Symptoms of mental stress

More often than not, a delay in identifying the presence of mental stress leads to a person becoming chronic anxious, depressive, or even suicidal. Hence, it is pertinent to identify symptoms of stress if they start showing up prominently.

Physical symptoms of stress include:

  • Pinpoint pains
  • Headaches
  • Twitching of muscles
  • Sweating
  • Cramping
  • Feeling tired constantly
  • Unexplained stomach spasms

Emotional stress symptoms include:

  • Feeling angry or irritable for no reason
  • Mood swings
  • Feeling sad without reason
  • Nail biting
  • Not being able to concentrate

Stress can also show up in behavioral changes such as:

  • Getting socially withdrawn
  • Consuming tobacco/alcohol excessively
  • Having angry/violent outbursts
  • Crying constantly
  • Eating too little or too much

Chronic stress symptoms include:

  • Insomnia/difficulty in sleeping
  • Anxiety
  • Depression
  • Falling sick often due to lowered immunity
  • Blood pressure and heart problems
  • Constant aches and pains
  • Loss of sexual desire

How to live a stress-free life

The best way to stop mental stress from having long-term effects on your health is to recognize the symptoms early and take firm steps to eliminate the root of stress.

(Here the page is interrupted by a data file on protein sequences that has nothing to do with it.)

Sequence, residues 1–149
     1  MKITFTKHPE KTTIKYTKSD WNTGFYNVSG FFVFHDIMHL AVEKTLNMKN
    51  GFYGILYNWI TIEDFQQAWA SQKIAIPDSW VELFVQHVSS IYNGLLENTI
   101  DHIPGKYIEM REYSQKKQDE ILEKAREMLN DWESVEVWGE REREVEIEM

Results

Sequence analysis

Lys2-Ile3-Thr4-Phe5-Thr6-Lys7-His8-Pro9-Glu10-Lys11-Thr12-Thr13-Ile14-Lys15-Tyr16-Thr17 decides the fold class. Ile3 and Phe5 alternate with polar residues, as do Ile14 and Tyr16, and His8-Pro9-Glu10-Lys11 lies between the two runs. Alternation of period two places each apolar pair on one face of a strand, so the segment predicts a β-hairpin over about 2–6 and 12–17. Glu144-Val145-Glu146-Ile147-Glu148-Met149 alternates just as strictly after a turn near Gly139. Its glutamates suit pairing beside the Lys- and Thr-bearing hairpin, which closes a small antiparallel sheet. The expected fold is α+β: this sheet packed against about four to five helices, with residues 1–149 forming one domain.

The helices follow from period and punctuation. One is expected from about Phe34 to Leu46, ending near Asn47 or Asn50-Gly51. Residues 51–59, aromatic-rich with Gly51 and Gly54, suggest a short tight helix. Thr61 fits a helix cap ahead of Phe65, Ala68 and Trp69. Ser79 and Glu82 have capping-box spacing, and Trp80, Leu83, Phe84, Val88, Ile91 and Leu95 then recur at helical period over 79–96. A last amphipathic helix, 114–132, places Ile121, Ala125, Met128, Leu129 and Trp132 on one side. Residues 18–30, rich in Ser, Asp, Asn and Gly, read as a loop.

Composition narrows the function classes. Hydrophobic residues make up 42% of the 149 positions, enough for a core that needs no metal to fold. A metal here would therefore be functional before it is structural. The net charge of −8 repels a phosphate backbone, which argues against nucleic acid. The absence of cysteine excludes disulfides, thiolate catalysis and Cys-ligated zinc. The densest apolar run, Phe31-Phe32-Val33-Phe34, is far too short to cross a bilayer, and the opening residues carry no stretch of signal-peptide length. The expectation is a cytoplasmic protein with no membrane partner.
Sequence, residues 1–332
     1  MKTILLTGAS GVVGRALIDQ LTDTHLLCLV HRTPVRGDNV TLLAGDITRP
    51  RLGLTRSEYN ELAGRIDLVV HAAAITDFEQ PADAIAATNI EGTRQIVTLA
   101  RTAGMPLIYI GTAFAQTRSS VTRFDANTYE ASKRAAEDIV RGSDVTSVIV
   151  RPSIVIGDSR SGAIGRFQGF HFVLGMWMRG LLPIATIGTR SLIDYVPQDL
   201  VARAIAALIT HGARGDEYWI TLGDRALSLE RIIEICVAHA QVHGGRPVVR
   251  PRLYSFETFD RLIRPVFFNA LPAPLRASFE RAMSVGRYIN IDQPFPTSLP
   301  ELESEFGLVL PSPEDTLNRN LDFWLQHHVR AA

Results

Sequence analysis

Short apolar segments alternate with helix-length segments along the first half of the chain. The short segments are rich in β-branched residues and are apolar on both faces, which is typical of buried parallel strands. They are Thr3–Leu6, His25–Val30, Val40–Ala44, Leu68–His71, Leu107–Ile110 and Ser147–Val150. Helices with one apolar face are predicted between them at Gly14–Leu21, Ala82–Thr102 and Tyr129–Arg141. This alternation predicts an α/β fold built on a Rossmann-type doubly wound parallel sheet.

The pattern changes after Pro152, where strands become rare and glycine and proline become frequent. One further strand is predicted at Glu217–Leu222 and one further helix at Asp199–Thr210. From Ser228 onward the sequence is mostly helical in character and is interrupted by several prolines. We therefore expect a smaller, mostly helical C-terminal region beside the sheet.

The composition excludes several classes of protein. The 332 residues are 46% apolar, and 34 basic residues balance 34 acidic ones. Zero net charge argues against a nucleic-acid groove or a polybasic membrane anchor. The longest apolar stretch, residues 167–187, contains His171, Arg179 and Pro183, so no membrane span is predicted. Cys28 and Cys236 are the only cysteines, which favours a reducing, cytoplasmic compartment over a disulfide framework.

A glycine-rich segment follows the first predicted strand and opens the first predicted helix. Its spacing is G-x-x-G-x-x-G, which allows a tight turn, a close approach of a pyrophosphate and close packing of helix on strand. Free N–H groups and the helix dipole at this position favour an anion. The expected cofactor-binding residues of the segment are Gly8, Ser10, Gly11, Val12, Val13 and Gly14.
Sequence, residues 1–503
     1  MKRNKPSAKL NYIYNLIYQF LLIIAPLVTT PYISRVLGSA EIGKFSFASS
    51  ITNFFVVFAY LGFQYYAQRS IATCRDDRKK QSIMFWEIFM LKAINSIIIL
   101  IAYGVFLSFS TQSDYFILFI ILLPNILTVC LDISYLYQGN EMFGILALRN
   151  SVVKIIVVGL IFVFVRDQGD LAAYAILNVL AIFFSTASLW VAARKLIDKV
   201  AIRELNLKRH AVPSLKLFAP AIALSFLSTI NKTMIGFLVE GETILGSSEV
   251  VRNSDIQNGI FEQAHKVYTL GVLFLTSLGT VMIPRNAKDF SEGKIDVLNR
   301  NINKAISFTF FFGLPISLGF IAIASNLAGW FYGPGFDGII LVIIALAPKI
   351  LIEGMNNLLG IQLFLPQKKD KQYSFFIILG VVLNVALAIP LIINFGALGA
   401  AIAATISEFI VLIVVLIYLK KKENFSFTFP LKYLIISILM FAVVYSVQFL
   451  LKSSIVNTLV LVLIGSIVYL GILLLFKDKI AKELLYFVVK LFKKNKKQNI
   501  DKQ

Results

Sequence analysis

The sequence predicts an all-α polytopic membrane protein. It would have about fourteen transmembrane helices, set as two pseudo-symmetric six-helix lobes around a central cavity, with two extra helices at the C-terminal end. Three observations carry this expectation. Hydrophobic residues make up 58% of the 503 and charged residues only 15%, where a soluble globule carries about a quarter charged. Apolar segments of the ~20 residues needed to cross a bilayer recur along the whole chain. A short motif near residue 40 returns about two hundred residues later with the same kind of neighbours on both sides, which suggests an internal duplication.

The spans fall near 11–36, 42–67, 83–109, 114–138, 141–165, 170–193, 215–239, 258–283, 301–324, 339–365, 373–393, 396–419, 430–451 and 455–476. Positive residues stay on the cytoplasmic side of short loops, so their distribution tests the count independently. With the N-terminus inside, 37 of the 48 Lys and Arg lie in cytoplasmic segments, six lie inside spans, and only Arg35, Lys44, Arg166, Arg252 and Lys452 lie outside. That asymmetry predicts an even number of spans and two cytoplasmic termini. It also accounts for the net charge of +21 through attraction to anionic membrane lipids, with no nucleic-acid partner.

Stress-related health problems such as diabetes, obesity, Alzheimer's disease, cardiovascular problems etc., are constantly on the rise.

Hence, the faster you work towards managing your mental stress, the easier it'll be to prevent stress from becoming chronic.

Helpful ways to combat stress

How to live a stress-free lifeHelpful ways to combat stress  

Become physically active:

  • Take up outdoor activities like walking your pet, cycling, brisk walking, or jogging. The combination of oxygen-rich air and physical exercise can work wonders to reduce stress.
  • Swimming is also known to be a great mood-lifter, as well as, helpful for improving concentration and sleep patterns.

Disconnect from technology:

  • While computers and smartphones are a great way to interact with people across the world, being constantly connected via technology and social media can lead to severe increase in anxiety, and pressure to look and behave in certain ways.
  • Using phones and computers at odd hours can also disrupt sleeping patterns, thus making you feel tired and unable to prioritize your life.
  • Opt for a digital detox at certain intervals. Go out and socialize with people instead of just being connected via technology. Bonding with people over similar interests can help release your tension and stress.

Learn to say 'No':

  • In times where we all want to put up a perfect, multitalented image of oneself, it gets very difficult to say 'No'. That leads to mismanagement of our time and health, which only adds to stress.
  • Learn to identify what you really want to do. Realize that you cannot do it all, and that it is okay to say 'no' to some things. It will help you manage your time such that you'll not feel pressured and anxious.